Sunday, May 31, 2009
Or summer fever, since today is the last day of May and it's finally summer in Laramie. Characteristically having skipped spring altogether.
We turned the heat off yesterday and took off the storm windows to replace them with screens, in preparation for our open house. A steady stream of people came through, our agent reported, while we were off hiking. It feels like the switch has turned on and we'll get an offer soon. Apparently we very nearly had an offer before, but the woman decided against our house because she was afraid her grandchildren would drown themselves in the back yard fish pond. What? Oh, two feet deep. Yeah.
But my mind is quiet today.
I know, not like me. But it's better than I was last week, when I posted on Facebook that I was "of two minds. Or three. Or four or more. Like a tree in which there is a flock of grackles." Now the chirping and fluttering has diminished. Robins are singing in the happy warmth. A juvenile hawk whistles nearby. I feel good about my plans to revise Obsidian.
Apparently a storm hit Vedauwoo right after we were hiking up there: three to five inches of hail. But for us, the sun shone.
At Julianne's birthday party last night, her photographer husband told me he'd hear our radio debate about the voice in my book. I asked what his vote was. He says he creates for the joy of it. If people like it fine, if not fine. He doesn't worry about it. I'm not worried either.
But I do know what I want.
Friday, May 29, 2009
Alas, the irony.
Over the past few years, I've desultorily pursued the history of the term. I wrote to The Word Detective about it. (He didn't answer.) The Wikipedia article on the topic is tagged with warnings that its neutrality and factual accuracy are disputed.
The trouble with the concept of selling out is that it requires that you accept certain assumptions. If selling out is compromising artistic integrity for commercial gain, then you have to accept that there is such a thing as artistic integrity. And that making money automatically compromises it.
I had a great conversation last night, both on air and off, with two writers, Julianne Couch and Paul Bergstraesser. We were doing the final show of Speaking of Writing on our little community radio station. Julianne has been keeping the show going for five years now and I've been a co-host most of that time. Paul is a recent addition to the UW English Dept faculty and has been co-hosting also.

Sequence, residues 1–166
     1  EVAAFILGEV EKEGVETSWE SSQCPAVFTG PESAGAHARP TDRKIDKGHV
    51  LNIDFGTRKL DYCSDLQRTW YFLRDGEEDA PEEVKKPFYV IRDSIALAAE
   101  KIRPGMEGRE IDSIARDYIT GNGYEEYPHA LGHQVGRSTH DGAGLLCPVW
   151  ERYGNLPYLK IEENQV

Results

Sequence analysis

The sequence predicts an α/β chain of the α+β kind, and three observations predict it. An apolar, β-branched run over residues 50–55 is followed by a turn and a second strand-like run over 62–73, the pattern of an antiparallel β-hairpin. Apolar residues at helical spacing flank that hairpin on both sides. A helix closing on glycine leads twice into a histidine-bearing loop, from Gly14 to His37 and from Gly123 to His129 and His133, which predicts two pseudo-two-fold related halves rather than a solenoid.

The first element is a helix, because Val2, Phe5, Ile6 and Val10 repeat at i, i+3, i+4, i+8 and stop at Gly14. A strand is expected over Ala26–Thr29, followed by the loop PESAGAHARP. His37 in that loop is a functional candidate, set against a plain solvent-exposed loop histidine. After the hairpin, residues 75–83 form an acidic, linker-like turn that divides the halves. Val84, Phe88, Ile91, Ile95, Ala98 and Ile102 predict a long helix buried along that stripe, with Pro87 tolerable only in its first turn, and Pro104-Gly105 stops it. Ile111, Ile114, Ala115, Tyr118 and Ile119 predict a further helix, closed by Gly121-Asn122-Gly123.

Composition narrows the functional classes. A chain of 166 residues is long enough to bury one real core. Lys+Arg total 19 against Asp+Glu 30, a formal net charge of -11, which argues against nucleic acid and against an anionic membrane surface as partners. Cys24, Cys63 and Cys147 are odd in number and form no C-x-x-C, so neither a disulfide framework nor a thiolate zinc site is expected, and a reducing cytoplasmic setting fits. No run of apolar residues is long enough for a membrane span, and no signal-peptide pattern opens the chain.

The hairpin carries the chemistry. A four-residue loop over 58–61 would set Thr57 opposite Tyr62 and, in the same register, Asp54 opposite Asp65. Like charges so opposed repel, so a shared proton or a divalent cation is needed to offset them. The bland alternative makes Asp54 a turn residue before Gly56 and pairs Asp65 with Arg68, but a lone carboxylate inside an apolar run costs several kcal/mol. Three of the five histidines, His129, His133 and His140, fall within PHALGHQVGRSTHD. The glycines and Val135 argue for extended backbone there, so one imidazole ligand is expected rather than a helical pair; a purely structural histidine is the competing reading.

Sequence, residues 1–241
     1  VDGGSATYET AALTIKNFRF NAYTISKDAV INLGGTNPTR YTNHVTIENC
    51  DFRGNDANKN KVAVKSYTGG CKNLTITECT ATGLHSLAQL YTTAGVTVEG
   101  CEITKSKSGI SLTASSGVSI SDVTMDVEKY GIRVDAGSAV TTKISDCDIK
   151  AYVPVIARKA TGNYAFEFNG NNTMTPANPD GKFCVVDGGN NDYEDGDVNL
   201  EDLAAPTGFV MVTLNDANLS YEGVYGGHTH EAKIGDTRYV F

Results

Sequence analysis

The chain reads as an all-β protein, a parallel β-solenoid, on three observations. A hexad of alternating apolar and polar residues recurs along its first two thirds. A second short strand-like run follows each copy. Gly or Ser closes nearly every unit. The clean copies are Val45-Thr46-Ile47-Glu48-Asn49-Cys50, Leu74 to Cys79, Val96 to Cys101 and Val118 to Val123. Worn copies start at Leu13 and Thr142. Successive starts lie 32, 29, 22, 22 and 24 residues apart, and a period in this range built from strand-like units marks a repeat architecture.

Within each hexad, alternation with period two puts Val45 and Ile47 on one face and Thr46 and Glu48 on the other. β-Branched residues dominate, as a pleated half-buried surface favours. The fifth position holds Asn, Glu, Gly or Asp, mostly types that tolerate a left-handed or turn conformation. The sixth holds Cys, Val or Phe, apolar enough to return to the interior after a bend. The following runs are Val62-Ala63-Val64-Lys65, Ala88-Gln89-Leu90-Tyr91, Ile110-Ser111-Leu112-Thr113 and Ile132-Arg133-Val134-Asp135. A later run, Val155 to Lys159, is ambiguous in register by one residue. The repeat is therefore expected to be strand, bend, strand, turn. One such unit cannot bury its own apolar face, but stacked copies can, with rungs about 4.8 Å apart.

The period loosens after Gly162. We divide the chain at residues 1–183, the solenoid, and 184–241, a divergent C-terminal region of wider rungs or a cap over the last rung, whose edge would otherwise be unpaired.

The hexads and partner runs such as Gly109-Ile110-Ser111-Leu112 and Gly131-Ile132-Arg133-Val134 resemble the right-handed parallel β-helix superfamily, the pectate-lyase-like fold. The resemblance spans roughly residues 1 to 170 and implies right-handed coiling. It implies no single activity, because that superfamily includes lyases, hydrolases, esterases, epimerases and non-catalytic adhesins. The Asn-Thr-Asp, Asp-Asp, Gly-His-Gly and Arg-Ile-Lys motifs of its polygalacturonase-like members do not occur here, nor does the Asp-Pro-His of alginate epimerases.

Julianne asked me to share my recent agent rejection. I thought it would be boring to read on air, but Paul -- who I was meeting in person for the first time -- jumped in and said I should, that "this is in the trenches stuff!"
I'll just share this bit from the agent with you here:
I finally had the chance, over the long weekend, to give this manuscript my full undivided attention and see it through. You are such a terrific, vivid story-teller, and I really was absorbed by this fantastical world and intrigued by its bizarre rules and culture. However, though I could gush and say many wonderful things about this novel (and indeed I wouldn't have kept reading at any point if I hadn't been truly enjoying it) I want to say upfront that I don't think it's for me. I think that you are two kinds of writer in this prose. There is the Jeffe the Writer who is highly literary and has a beautiful, sometimes surprising turn of phrase that catches the reader off-guard, and there is the Jeffe the Writer who is more informal and intimate with the reader, with the classic approachable style that makes for great commercial fiction. I see both of these writers inside you, but they conflict pretty often on the page in this novel. You are clearly both versatile and professional, with a wide range and diverse capabilities, but I think that there's an uneven quality to this prose that was disconcerting and sometimes distracting for me, as if you would have been better off sticking to one style or the other.
She went on to give me very specific plot critique, but this is the part that broke my heart. And caused my mini-crisis of this week. Plot stuff is an easy fix. My writing style though -- should I consider altering the way I wrote this book to make it more commercial?
Paul stared at me like I was an idiot. "Of course!" he says.